The four possible shapes of a puzzle piece of Treasure Island. When transforming, it either rotates over the the axis inside the green piece or the axis inside the blue piece.
Example of a STARTER challenge (left) and solution (right) of Treasure Island.
Example of a MASTER challenge (left) and solution (right) of Treasure Island.
GAME RULES TREASURE ISLAND
The object of Treasure Island is to discover the location of the secret temple with the. treasure, using the hints given in the challenge. The game includes 4 puzzle pieces with a unique shifting mechanism and a fixed piece with the temple.
1) Select a challenge. Each challenge shows a treasure map of the island that is divided into hexagons. These hexagons can be one of four terrains: water (blue), hills (light green), mountains (grey) or forests (dark green). The treasure map is often incomplete (white hexagons). Harder challenges show fewer hints about the locations of the different terrains.
2) Place the puzzle pieces on the game board so that the terrains shown in the challenge match the terrains on the puzzle pieces:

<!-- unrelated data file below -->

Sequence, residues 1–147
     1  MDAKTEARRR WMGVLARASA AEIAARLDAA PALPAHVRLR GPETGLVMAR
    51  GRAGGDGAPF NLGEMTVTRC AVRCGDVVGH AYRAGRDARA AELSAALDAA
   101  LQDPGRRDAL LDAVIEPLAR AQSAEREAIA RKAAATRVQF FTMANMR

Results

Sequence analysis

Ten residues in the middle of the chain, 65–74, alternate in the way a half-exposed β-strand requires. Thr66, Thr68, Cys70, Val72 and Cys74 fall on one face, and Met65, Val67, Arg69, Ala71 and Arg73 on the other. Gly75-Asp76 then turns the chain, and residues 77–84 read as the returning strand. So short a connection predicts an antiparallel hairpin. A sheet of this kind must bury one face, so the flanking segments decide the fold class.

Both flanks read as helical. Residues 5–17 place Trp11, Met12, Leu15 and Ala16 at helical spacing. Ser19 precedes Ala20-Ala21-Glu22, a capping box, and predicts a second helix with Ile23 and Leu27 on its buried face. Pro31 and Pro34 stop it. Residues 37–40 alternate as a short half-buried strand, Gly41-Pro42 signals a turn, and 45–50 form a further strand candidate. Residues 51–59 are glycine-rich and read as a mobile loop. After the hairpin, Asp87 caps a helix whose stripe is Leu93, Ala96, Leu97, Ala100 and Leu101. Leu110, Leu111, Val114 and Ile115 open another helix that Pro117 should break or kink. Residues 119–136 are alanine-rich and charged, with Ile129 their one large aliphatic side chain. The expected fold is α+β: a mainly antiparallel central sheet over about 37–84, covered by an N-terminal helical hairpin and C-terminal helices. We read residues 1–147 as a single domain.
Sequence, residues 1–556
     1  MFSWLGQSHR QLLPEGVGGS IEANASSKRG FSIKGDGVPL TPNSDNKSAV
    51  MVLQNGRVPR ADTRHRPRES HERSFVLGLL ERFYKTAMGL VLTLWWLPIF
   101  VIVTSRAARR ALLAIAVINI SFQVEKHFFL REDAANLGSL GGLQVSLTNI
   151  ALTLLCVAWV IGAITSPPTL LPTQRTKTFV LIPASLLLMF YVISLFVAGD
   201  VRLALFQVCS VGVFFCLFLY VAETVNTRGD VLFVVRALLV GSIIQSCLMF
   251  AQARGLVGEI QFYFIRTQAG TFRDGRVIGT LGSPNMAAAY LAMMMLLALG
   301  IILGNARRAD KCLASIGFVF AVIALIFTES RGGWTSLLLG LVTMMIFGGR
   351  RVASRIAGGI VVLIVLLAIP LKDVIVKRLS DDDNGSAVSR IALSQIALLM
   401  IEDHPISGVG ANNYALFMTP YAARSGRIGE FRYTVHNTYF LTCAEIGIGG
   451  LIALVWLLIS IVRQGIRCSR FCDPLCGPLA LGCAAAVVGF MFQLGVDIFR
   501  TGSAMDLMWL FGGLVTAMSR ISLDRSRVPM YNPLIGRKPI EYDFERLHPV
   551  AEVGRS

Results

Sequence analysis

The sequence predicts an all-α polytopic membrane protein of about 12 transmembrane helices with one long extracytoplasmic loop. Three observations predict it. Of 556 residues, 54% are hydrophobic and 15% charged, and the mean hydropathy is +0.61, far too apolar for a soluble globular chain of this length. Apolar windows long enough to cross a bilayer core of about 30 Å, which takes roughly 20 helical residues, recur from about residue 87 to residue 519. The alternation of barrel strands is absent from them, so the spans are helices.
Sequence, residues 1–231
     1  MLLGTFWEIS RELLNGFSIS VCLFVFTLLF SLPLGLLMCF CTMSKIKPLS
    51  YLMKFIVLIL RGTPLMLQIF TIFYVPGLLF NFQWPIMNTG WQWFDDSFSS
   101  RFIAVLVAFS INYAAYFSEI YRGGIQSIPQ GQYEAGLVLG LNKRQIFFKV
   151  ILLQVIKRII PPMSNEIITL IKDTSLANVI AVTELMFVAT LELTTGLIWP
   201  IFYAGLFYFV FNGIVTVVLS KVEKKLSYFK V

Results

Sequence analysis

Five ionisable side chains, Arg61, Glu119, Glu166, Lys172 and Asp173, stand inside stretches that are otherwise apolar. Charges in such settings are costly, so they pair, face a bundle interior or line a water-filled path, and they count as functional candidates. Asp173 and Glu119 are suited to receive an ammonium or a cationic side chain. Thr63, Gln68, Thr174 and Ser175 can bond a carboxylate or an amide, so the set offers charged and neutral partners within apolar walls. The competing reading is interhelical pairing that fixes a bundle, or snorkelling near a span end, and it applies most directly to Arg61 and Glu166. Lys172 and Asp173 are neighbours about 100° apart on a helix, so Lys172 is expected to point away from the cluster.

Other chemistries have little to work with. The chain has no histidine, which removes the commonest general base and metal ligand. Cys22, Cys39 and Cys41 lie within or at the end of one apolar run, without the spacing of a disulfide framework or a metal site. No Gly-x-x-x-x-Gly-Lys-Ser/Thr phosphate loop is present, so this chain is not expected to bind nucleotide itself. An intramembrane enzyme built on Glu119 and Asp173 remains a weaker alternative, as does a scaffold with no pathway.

• If a hexagon is white in the challenge, you can choose which terrain you want to place there.
• The position of the Temple is never shown in a challenge, but some challenges will show an "empty" light green hexagon where this temple is!
• The position of the ship is never shown in a challenge either. Challenges will only show an "empty" blue hexagon instead.
• Shifting puzzle pieces can be transformed in 4 different shapes, by moving OR rotating the two parts of each puzzle piece against each other. The Temple piece cannot be altered.
• Shifting puzzle pieces have an opening on 2 sides for the connector between the parts. You can only change the shape of a puzzle piece when these openings face each other. HINT: before you start playing, try out the 4 different options for each puzzle piece. Each shiftable puzzle piece has different options.
3) When all puzzle pieces fit on the game board AND the terrains match what is shown in the challenge, you have found the solution...and the location of the treasure! There is only one solution for each challenge, which can be found at the end of the booklet.
Website ©2023 Raf Peeters
Products and images: © Smart